The short period of time you must endure does not compare to the damage that drug addiction can do if you don’t receive treatment. If you’re unsure about going through the process on your own, talk to us. We’ll find a solution together. Feeling concerned or anxious is normal, but there’s no need to be afraid when there is support available at every step.
Drug withdrawal occurs as part of the detox stage, which is the beginning of recovery. Your doctors and therapists will monitor your health condition every step of the way to ensure your safety and progress are intact. When under the care of medical professionals, they may prescribe certain medications that can help to alleviate withdrawal symptoms and create a more comfortable experience. The important thing is healing and recovery.Speak with a treatment specialist today.
Signs of Percocet Addiction
You may have an idea of what you think addiction looks like; how a person acts when they’re addicted, but the truth is that no two situations are the same. If you are concerned about a loved one’s addiction, look for warning signs of dependency.
- Are they hiding medication from you?
Have you noticed a significant shift in mood and behavior?
Have you caught the person lying about their progress or prescription(s)?
Has there been any recent negative instances at work, with the law, or in interpersonal relationships?
Do they seem constantly agitated, anxious, or depressed?
- Identifying drug addiction can be difficult, especially if you’re not constantly around the person. If possible, have an open conversation about your concerns without judgment or blame. If you are the one who is worried about your own drug dependency, reach out to someone you trust for help. They can work with you to get the treatment you need.
Confronting addiction can be a tough discussion to have, but one that is necessary for the future of your health and well-being.
Treatment for Hydrocodone Withdrawal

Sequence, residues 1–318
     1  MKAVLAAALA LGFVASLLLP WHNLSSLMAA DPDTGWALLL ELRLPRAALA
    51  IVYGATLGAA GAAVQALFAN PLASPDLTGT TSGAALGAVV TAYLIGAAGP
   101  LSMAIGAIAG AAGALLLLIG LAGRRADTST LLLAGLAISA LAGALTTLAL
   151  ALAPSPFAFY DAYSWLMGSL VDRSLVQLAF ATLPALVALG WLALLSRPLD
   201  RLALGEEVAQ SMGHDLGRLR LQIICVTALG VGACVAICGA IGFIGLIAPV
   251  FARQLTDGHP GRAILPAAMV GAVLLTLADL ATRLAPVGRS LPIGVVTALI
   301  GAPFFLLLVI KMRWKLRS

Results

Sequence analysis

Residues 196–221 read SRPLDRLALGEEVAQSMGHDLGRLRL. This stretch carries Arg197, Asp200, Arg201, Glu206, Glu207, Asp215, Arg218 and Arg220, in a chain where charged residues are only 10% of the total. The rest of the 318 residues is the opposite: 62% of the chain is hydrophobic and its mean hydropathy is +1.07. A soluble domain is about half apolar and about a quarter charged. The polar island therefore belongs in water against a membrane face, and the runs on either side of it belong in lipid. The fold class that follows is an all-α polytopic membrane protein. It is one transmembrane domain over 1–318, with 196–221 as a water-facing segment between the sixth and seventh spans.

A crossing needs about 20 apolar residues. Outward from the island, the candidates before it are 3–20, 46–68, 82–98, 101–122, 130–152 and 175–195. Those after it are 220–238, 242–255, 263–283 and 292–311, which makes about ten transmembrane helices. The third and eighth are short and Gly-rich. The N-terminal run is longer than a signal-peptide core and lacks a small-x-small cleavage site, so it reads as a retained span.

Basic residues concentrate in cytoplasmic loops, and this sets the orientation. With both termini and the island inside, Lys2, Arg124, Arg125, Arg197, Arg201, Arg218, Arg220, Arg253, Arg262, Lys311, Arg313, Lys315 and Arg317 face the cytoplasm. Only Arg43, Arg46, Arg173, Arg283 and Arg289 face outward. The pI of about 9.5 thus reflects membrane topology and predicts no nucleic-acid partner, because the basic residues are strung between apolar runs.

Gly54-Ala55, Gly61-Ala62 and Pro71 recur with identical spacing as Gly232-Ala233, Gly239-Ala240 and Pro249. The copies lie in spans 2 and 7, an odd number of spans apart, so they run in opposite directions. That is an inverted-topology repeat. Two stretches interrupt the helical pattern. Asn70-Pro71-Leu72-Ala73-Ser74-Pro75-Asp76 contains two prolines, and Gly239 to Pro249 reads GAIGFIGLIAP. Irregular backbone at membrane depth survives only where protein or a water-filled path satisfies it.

Deciding to receive treatment is an important first step. Ultimately, it is up to you to decide. While self-treatment is unadvised, there are minor cases of drug withdrawal symptoms that can be treated at home with rest and hydration. Even in these cases, it’s still best to seek the medical attention of a doctor to test that you are otherwise in good health. Mostly, hydrocodone is linked to cases of addiction, though, because of its habit-forming nature. Addiction is when treatment at a detox or rehabilitation facility is recommended. You’ll want therapists who can monitor your health and provide what you need to stay on track with your recovery.
Once you’ve gone through withdrawal and the detox period, you’ll work with a therapist or doctor to initiate your treatment plan. This will include inpatient care, outpatient care, or sometimes both. If you would like to separate yourself from your current environment and focus fully on your sobriety, inpatient care may be the optimal choice for you. By becoming a temporary resident of a chosen facility, you can dedicate your full time and attention to your health. Inpatient stays can range from 30-90 days or longer, depending on what your health plan calls for. There are benchmarks that marks your progress, which will show if you’re ready for the next stage of recovery.
Inpatient facilities are designed to be a positive and calming environment. They are often set in scenic atmospheres, such as in the mountains, near the ocean, or by a lake or forest. The goal is to eliminate chaos as much as possible and provide the possibility of a start fresh. Staying in your old environment may harbor too many influences that will derail you from your treatment path.
In both inpatient and outpatient care, you will be part of group therapy, where you’ll be able to listen to and share stories about addiction. You’ll also receive individual counseling to get to the root of your addiction and heal from the inside out. Rehab also gives you a place to learn about what causes addiction, how to deal with it in the future, and how to recognize triggers. This all will help to prevent relapse after treatment and give you the tools you need to stay sober.